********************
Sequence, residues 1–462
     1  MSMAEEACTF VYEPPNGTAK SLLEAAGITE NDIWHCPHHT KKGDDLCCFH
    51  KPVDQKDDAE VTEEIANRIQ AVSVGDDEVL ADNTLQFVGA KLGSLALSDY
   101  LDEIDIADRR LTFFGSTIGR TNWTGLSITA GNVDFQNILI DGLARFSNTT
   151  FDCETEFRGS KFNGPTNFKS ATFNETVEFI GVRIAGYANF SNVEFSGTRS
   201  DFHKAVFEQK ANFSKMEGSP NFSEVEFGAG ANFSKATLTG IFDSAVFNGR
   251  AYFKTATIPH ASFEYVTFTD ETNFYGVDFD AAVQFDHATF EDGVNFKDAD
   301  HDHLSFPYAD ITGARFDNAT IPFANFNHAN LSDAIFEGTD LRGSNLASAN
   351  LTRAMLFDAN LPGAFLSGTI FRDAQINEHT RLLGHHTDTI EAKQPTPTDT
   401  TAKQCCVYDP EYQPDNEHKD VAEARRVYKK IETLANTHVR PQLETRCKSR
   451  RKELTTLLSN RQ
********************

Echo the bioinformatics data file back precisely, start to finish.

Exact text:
Sequence, residues 1–462
     1  MSMAEEACTF VYEPPNGTAK SLLEAAGITE NDIWHCPHHT KKGDDLCCFH
    51  KPVDQKDDAE VTEEIANRIQ AVSVGDDEVL ADNTLQFVGA KLGSLALSDY
   101  LDEIDIADRR LTFFGSTIGR TNWTGLSITA GNVDFQNILI DGLARFSNTT
   151  FDCETEFRGS KFNGPTNFKS ATFNETVEFI GVRIAGYANF SNVEFSGTRS
   201  DFHKAVFEQK ANFSKMEGSP NFSEVEFGAG ANFSKATLTG IFDSAVFNGR
   251  AYFKTATIPH ASFEYVTFTD ETNFYGVDFD AAVQFDHATF EDGVNFKDAD
   301  HDHLSFPYAD ITGARFDNAT IPFANFNHAN LSDAIFEGTD LRGSNLASAN
   351  LTRAMLFDAN LPGAFLSGTI FRDAQINEHT RLLGHHTDTI EAKQPTPTDT
   401  TAKQCCVYDP EYQPDNEHKD VAEARRVYKK IETLANTHVR PQLETRCKSR
   451  RKELTTLLSN RQ